Your heart races as you feel like the situation you're in is bringing on a heart attack.
But, realizing you're not alone can lay the path for understanding and recovery.
Mental health issues aren't the most comfortable topic of conversation for many people.
However, talking about these things is one step toward recovery from anxiety and depression disorders that impact more people than some may realize.
Mahaska Health Partnership recently hosted a mental health first aid workshop. Jan LeBahn, Director of Behavioral Health Services, said the workshop aimed to dispel the stigma of mental health issues, as well as provide tools and strategies for people to help manage someone through any type of mental health crisis. Much like traditional first aid, this workshop helped people to know what to do until professional care became available.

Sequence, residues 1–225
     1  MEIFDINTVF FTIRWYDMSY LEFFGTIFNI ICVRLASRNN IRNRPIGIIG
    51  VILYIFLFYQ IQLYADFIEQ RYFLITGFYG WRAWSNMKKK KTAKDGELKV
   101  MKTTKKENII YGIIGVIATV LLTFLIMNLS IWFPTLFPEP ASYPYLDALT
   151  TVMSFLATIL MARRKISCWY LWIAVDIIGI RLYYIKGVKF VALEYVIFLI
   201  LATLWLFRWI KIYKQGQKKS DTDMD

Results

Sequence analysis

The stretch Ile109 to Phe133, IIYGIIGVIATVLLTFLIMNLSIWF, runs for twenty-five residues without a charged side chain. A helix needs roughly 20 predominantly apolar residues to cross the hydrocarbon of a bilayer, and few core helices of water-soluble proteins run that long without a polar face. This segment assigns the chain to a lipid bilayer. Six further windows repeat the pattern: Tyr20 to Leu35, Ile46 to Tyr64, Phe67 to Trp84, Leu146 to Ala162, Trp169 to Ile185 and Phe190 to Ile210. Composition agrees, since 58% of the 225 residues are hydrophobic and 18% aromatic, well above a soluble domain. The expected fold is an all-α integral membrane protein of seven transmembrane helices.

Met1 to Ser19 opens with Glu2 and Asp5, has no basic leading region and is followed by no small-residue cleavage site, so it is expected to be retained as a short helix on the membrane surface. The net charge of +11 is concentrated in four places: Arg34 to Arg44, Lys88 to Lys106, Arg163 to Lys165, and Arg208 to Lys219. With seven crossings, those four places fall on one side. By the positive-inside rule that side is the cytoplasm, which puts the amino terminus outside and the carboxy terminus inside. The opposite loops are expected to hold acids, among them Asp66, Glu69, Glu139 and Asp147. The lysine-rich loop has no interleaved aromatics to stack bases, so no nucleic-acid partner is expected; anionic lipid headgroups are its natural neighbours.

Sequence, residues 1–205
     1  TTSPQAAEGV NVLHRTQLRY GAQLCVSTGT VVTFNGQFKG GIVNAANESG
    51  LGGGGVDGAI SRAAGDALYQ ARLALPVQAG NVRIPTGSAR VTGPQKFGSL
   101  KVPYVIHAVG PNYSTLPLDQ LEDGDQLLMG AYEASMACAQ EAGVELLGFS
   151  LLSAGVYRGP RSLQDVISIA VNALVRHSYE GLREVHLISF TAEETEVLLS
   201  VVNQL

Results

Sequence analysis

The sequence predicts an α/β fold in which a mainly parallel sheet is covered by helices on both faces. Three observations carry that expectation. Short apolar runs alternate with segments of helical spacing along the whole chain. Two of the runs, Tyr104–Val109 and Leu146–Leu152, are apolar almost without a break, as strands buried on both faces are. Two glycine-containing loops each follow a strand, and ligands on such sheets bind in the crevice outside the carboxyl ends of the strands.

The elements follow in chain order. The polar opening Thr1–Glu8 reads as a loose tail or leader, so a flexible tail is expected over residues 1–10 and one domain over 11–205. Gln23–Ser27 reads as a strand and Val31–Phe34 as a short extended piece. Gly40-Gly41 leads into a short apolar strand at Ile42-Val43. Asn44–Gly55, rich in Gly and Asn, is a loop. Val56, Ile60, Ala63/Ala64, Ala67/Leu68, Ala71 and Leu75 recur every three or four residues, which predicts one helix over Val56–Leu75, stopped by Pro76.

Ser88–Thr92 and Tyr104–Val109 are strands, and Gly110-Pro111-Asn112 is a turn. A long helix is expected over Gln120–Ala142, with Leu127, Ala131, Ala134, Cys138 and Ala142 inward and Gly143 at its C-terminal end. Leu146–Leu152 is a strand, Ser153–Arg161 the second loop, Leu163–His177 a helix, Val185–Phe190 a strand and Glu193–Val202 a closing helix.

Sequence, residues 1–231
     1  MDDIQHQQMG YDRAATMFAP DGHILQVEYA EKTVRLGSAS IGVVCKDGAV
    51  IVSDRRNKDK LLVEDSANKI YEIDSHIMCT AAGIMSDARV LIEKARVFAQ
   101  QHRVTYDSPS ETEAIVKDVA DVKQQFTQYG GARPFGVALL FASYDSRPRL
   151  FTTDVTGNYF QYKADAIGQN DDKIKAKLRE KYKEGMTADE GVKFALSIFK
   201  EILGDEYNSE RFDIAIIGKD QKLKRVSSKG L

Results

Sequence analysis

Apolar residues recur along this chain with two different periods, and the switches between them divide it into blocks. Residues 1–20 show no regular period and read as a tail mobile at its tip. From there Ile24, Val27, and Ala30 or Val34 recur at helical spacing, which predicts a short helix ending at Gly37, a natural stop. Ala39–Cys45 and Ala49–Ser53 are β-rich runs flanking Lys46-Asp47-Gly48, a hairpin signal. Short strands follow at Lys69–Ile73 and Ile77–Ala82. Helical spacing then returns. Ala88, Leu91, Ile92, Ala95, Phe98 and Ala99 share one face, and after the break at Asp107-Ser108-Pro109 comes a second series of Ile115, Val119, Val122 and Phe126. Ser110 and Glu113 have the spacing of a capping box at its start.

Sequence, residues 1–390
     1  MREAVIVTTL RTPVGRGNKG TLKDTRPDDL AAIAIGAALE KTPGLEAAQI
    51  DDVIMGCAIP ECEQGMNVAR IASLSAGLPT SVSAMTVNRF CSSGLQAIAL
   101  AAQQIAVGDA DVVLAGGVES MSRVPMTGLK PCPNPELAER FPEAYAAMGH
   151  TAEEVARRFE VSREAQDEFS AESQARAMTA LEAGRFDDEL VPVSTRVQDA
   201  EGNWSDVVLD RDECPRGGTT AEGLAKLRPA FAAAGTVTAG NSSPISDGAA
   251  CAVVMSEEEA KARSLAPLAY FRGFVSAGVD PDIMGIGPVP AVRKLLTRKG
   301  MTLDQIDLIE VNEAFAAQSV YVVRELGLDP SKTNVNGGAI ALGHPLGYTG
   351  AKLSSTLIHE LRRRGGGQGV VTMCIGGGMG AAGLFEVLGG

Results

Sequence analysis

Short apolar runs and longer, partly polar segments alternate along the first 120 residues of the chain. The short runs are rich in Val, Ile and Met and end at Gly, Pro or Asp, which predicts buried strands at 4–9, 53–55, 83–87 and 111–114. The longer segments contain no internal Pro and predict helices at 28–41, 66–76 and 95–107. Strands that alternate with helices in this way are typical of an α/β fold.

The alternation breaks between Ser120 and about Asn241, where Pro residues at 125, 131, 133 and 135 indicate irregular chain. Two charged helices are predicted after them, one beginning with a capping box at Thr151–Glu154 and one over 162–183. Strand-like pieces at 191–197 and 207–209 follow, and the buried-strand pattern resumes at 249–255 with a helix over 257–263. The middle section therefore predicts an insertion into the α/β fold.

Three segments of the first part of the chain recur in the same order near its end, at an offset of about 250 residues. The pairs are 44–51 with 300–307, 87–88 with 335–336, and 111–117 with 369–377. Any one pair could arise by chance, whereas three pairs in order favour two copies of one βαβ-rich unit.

“We have a push to train for first aid/CPR in all professions,” said LeBahn, who then pointed to the importance of having mental health first aid knowledge widely available.
So, how common are mental illness symptoms?
LeBahn noted that one in four Americans will experience mental illness symptoms at any given point in their life.
People will go to a medical doctor to get check ups in a preventative capacity, explained LeBahn.
“Why wouldn't we want to take care of our mental health just as well as our physical health and just get that support to prevent something from escalating to symptoms that are more challenging to manage,” asked LeBahn rhetorically.
It should be noted that, just because someone is “feeling down,” that doesn't mean they are mentally ill, LeBahn said. It may be that this person simply needs to talk about what they're dealing with in life and gain some new tools and strategies for addressing these things, she said.